Japan, an archipelago country, is one of the most literate and technically advanced nations in the world. Despite its small size, it is the third-largest economy in the world. In a nutshell, Japan has literacy, financial resource and technology… all the things required for a country to support its citizens with disabilities to lead a dignified life as every other member of the society. Let us see how much Japan has been able to utilize the ingredients of development for its citizens with disabilities.
Definition of Disability in Japan
“Individuals who are subject to considerable restrictions in vocational life, or who have great difficulty in leading a vocational life, over a long period of time because of any physical, intellectual and mental (including developmental) disabilities or impairment”.
It is worth noting that any person with the above-mentioned condition cannot be automatically treated as a person with a disability for legal purposes in Japan. The person needs to be certified by the governor of the local public body. The certification of disability in Japan is given in the form of a booklet which is called ‘disability passbook’. Persons holding a ‘disability passbook’ are allowed financial aid and a reduced rate of fare in public transportation. This disability passbook needs to be renewed every year or in other words, people with disabilities in Japan need re-certification for their disability every year.
Laws and Legislation Regarding Disability in Japan
1. Disabled Persons’ Fundamental Law
As the name suggests, this is the fundamental or basic law regarding measures for disabled people. The law designates responsibilities for the government and people towards citizens with disabilities in Japan.
The law states that the dignity of all disabled people should be respected and they should be given full opportunities to participate in society. The state and local public bodies are made responsible by the law to take welfare measures for persons with disabilities. Moreover, the law requires a disabled person to endeavor to participate in society and family members are expected to promote the independence of the disabled person.
2. Law for Encouragement of School Attendance at Special Schools for Blind Persons, Deaf Persons, Physically Disabled Persons and Mentally Retarded Persons
The law is meant for promoting education for children with special needs. Children with special needs, enrolled in such special schools, are supported by the government through provisions of books, meals and transportation. The Law mentions people with blindness, the deaf persons, Physically Disabled Persons and Mentally Retarded Persons.
3. Law for Employment Promotion, etc. of the Disabled Persons
This Act is meant for promoting employment opportunities for Persons with Disabilities. Persons with a mild degree of disability or minor restrictions are not covered under the law. It provides a quota for the public as well as private entities. Disabled employees, employed under the quota must recertify their disability or they won’t be counted under the disabled quota and may lose their job.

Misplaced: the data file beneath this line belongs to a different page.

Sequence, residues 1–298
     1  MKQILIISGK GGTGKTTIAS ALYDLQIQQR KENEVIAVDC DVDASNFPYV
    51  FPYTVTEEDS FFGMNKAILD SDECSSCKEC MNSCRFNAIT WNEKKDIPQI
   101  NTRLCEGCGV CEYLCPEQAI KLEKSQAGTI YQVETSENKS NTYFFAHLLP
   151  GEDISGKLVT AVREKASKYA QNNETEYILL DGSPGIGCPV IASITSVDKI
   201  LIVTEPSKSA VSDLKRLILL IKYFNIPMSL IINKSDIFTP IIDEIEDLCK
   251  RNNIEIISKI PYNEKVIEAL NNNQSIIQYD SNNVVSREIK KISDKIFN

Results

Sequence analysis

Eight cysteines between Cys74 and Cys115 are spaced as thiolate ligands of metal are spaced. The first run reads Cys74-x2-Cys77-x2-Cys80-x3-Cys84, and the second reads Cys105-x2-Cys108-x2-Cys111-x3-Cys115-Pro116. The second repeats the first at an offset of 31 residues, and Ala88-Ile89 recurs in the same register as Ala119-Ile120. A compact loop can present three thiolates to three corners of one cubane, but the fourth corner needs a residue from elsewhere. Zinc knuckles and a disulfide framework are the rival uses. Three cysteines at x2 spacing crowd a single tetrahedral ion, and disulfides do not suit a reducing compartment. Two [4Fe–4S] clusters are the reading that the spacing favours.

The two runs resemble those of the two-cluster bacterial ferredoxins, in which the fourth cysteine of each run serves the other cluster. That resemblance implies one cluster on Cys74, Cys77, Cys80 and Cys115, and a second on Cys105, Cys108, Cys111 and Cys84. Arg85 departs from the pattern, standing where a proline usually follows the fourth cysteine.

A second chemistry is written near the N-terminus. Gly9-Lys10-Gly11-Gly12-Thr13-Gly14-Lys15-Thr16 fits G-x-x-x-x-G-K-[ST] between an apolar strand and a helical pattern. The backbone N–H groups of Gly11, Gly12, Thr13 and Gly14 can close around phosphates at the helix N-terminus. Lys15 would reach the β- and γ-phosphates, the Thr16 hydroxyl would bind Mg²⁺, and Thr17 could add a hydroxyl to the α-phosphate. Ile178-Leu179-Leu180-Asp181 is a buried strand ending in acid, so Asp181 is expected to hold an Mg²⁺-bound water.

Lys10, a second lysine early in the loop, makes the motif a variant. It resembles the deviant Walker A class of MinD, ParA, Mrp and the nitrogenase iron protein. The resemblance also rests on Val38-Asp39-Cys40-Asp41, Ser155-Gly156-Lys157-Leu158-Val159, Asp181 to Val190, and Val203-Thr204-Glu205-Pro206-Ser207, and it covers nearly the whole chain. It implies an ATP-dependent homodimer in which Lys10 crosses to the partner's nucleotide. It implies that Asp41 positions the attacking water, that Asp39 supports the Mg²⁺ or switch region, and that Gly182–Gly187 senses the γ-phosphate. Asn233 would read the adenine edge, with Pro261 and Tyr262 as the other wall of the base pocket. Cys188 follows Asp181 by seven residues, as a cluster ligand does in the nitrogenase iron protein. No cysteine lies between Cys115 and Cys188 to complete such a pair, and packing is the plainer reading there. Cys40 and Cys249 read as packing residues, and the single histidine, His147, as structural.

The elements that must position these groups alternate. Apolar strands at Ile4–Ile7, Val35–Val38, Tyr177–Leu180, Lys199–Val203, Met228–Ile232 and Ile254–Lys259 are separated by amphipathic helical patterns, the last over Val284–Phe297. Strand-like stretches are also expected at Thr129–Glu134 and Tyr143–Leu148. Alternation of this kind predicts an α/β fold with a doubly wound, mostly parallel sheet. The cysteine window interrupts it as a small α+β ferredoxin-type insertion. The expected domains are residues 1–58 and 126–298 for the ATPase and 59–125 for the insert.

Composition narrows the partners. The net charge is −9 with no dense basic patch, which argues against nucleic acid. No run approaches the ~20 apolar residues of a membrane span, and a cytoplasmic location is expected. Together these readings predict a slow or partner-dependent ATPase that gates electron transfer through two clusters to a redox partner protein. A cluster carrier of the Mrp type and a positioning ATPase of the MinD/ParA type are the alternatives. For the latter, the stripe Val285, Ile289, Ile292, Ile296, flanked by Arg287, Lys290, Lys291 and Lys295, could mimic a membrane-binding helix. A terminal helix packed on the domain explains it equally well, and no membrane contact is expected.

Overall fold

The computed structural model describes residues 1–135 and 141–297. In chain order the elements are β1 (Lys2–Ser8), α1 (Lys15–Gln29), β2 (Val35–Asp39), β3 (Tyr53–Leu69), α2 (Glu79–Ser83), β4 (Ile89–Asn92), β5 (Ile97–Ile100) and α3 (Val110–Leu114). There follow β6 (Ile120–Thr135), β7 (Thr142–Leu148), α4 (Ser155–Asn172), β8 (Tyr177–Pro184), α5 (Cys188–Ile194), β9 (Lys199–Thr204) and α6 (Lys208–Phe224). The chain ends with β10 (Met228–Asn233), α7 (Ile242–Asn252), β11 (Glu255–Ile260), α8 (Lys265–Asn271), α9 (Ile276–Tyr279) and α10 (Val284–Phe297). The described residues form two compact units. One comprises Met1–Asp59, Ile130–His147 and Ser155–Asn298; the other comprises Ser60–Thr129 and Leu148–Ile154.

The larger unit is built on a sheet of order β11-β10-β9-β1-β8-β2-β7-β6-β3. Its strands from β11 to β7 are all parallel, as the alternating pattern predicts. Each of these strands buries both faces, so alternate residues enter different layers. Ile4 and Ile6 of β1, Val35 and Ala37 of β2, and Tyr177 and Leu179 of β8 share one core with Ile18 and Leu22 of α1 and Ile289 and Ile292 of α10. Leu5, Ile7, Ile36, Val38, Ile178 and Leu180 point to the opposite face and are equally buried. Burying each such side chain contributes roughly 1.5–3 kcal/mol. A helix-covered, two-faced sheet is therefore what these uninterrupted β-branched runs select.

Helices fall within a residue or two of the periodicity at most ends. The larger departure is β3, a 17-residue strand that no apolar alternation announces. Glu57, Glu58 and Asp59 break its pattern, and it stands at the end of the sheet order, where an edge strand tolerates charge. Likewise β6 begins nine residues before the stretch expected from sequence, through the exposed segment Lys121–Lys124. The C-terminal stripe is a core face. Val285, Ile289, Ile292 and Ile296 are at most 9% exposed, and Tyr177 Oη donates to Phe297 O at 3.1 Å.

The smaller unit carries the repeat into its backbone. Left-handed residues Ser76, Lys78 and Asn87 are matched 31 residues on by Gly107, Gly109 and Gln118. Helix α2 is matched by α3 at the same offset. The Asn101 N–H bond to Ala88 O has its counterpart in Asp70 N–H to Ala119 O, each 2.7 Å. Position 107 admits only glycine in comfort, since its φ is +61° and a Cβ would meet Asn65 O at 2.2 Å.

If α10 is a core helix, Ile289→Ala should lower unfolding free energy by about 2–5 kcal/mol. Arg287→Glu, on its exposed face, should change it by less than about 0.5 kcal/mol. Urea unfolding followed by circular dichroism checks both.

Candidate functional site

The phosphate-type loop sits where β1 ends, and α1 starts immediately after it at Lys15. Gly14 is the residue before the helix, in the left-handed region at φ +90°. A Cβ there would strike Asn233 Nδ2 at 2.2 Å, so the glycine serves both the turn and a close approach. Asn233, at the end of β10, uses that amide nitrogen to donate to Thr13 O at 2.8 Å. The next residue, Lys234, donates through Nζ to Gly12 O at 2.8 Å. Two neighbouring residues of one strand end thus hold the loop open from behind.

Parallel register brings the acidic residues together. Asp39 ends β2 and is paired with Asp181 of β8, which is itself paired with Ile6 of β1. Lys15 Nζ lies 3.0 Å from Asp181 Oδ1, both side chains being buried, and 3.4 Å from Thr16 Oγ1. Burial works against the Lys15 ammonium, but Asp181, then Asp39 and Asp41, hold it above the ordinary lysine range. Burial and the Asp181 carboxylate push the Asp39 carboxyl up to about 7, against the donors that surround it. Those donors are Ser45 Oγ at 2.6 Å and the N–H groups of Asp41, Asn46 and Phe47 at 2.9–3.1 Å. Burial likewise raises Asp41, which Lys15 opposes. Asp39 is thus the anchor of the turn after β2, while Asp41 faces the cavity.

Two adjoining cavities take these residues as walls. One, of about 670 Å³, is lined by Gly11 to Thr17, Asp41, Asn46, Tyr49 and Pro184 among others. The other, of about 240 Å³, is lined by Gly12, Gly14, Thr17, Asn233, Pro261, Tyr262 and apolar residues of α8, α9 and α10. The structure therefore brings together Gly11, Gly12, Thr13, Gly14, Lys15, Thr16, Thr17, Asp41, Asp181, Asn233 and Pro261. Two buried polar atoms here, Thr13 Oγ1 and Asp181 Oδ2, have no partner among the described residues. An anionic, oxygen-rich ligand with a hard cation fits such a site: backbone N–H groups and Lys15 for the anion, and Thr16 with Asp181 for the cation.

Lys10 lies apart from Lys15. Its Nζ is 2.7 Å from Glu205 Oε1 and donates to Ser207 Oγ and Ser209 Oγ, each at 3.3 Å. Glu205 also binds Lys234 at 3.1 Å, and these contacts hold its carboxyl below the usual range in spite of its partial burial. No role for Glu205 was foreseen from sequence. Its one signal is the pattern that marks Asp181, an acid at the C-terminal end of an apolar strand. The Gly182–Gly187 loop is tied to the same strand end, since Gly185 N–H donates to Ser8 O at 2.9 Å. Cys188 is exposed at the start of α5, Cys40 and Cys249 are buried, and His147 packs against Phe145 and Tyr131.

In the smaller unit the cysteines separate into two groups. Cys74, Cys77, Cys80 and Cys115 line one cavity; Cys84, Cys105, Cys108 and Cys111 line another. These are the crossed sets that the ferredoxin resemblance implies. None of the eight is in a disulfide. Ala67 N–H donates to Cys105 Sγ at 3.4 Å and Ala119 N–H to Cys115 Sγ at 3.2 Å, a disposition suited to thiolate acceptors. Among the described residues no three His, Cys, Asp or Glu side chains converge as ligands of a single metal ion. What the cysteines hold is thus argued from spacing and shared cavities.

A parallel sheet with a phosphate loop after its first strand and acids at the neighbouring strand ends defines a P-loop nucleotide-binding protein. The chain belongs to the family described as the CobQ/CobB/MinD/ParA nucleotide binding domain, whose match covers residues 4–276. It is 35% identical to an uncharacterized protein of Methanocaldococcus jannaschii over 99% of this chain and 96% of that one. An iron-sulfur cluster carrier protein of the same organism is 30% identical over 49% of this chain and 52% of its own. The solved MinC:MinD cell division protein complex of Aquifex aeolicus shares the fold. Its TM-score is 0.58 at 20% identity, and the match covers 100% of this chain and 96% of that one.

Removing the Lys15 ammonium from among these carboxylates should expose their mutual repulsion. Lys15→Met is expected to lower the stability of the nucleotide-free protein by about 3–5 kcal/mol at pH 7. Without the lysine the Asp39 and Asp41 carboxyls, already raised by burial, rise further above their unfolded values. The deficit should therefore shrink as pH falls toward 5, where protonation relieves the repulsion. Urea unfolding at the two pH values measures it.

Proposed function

Employers cannot discriminate against a person with disabilities at the workplace. They are now also required to make reasonable accommodation for employees with disabilities which in some cases can be covered under government allowances.
The law allows the government to collect levies from employers who fail to employ the required number of persons with disabilities must use the fund to support and promote entities that employ persons with disabilities in excess of the required quota.
In addition to the above-mentioned laws, there are other specific laws for the development and welfare of persons with physical disabilities and persons with mental disabilities.
Social Status of People with Disabilities in Japan
The most striking feature of Japanese society when it comes to disability is the tendency to ‘segregate’ or ‘exclude’. Even though people with disabilities are equal in the eyes of the law, the actual treatment shows that they are considered unfit or unworthy to participate equally with their non-disabled counterparts.
Segregation starts at the school level. Primary as well as secondary schools in Japan are largely non-inclusive. Classroom segregation, for disabled and non-disabled students, is a very common practice. Even the quota system for employment of persons with disabilities provides an option to employers for creating a special barrier-free subsidiary company. In such subsidiaries all employees with disabilities work in group settings and they will be counted towards the parent company’s disability employment quota.
Japan has shown satisfactory development in creating barrier-free infrastructure but failed to remove attitudinal barriers. For example, there exist facilities like universal design barrier-free taxis. However, a large number of individuals with disabilities are reportedly refused service by the drivers.
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"Disability in Japan: Laws, Rights, Discrimination and Stigma." Wecapable.com. Web. October 28, 2021. <https://wecapable.com/disability-in-japan-laws-rights-discrimination-and-stigma/>
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"Disability in Japan: Laws, Rights, Discrimination and Stigma." (n.d.). Wecapable.com. Retrieved October 28, 2021 from https://wecapable.com/disability-in-japan-laws-rights-discrimination-and-stigma/